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The surge of reports labeled as false in print, on television, radio and elsewhere have sent some of us seeking advice both on checking suspect news and “correcting” friends on social media.

Quite to my surprise, the highly respected Poynter Institute, a nonprofit journalism school that operates PolitiFact, offers a self-guided course for us. Specifically it is promoted for people 50 and older who read news online, often via social platforms such as Facebook.

There is no charge and it is set up for participants to proceed at their own pace, checking in and out as desired.

It requires no special internet skill and focuses on identifying misinformation, tools and techniques of professional fact checkers, verifying images and videos and identifying and consuming online news responsibly.

Finally, it indicates that by the end participants should be able to explain to others the pitfalls of sharing misinformation and how to fact-check on their own.

Having discovered the course just late last week, I’ve not progressed far, but find it informative and, well, challenging. I immediately missed some clues on objectivity. It is also appealing, with talk show hosts Joan Lunden and Christiane Amanpour helping guide us through the material.

As we are often reminded, social media, where much misinformation surfaces, increasingly is a major source of news for many.

The well-regarded nonprofit Pew Research in a 2018 survey found that 43% of U.S. adults get their news from Facebook, while 21 percent turn to YouTube and lesser percentages go to Twitter (12%), Instagram (8%), LinkedIn (6%) and others.

What’s more, once posted on social media, news seems to take on a life of its own. As readers share the items with their networks of friends, a report on one social media, accurate or not, reaches exponentially growing number of people almost instantly.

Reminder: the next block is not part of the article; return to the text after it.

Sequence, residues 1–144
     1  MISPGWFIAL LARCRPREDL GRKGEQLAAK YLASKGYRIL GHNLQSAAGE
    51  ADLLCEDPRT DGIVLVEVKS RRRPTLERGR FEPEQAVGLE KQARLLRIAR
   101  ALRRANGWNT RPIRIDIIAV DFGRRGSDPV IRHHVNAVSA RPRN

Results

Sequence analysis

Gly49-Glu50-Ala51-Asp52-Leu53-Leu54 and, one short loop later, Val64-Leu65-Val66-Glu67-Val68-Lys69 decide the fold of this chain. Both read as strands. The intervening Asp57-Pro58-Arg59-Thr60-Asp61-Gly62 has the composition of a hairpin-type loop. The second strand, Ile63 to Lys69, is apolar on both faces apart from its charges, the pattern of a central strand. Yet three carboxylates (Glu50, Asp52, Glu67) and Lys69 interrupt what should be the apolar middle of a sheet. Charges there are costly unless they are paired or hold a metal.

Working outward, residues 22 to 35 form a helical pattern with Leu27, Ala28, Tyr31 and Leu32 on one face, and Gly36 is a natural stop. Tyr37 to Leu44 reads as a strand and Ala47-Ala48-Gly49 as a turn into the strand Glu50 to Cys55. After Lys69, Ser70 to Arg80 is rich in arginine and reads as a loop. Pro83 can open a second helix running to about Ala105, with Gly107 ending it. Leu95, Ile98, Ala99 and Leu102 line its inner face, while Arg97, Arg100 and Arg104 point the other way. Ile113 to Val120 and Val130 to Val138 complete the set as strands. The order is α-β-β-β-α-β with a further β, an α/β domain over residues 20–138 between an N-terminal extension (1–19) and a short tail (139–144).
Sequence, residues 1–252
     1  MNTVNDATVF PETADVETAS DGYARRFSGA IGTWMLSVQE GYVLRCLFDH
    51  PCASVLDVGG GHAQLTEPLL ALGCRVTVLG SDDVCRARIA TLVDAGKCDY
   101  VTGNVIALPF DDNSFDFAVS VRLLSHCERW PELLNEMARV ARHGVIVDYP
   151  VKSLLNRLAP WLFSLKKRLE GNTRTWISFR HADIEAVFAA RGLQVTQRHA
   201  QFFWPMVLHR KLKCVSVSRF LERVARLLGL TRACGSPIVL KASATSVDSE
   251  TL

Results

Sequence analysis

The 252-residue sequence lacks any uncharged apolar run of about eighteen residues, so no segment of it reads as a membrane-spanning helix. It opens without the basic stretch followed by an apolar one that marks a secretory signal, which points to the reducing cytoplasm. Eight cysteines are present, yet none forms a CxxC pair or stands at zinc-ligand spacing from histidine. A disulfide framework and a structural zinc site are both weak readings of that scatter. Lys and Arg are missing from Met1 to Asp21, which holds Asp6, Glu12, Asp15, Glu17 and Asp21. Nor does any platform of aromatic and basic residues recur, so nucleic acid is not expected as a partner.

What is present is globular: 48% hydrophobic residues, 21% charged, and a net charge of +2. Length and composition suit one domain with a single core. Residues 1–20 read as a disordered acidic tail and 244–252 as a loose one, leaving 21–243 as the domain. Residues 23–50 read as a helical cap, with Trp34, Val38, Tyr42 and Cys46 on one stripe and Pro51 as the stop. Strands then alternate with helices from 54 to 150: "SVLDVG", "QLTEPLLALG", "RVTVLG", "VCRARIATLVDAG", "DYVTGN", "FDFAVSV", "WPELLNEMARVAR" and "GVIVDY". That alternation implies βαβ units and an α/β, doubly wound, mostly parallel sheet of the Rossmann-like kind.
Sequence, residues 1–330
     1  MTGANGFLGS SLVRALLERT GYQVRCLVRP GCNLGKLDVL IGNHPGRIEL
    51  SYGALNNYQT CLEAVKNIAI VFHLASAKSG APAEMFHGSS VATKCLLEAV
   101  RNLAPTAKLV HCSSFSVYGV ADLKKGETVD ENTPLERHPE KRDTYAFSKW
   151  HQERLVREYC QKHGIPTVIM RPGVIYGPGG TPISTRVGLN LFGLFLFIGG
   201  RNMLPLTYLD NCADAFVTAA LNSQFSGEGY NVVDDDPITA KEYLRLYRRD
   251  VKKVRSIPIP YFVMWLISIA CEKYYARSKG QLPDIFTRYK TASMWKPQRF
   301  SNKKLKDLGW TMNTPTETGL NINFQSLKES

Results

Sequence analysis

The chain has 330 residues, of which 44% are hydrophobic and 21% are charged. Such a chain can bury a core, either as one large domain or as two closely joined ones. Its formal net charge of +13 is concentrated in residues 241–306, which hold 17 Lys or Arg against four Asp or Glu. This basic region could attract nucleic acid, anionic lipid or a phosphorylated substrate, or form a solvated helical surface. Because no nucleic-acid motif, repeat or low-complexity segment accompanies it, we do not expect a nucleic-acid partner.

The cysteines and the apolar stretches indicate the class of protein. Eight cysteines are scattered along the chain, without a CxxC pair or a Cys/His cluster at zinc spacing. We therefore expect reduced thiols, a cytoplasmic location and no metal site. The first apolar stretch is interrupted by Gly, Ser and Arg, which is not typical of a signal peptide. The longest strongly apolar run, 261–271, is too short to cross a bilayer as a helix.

As an example, earlier this year a family fleeing fires south of Portland, Oregon, heard that activists had started the fires, National Public Radio reported. While the information was false, it spread rapidly on social media, causing so much disruption that the police themselves turned to Facebook and Twitter begging people to stop spreading the rumors.

Part of the reason claims such as these spread so widely on Facebook, NPR reported, is that the world’s biggest social network rewards engagement. Posts that get lots of shares, comments and likes get shown to more people, quickly amplifying their reach.

As the fire rumors proliferated, Facebook did put warnings on some posts its fact-checkers found false and eventually, after the FBI debunked the rumor, Facebook began removing posts entirely. But by then it had spread widely.

More recently, the New York Times reported, an erroneous election report gained nearly 900,000 views in 12 hours, straining the fact-checkers to respond.

Certainly it is a difficult task to address verbally or electronically, misinformation advanced by friends and family.

It’s been several years since I first failed to respond to a blatantly inaccurate social media post. Not long after, a mutual friend graciously did post a response.

But it’s something of a mine field. PEN America, a 98-year-old nonprofit association for writers warns that the first step to responding to a post is to verify it is misleading or false. That’s where we turn to the fact-check sites Politifact, Snopes, Factcheck and others (also covered in the Poynter online course.)

Second, PEN America suggests after confirming the error we have to decide whether to respond privately or on the social media site, but certainly with a link to a credible site with accurate information. The person who posted the information might be more receptive if not called out “publicly” but a public correction may be appropriate if the post has a lot “likes” and comments.

But to avoid confrontation, consider the perspective of the other person, and provide resources on tools for checking, the association suggests.

For details search for false information.

Contact writer Evadna Bartlett at evadnab07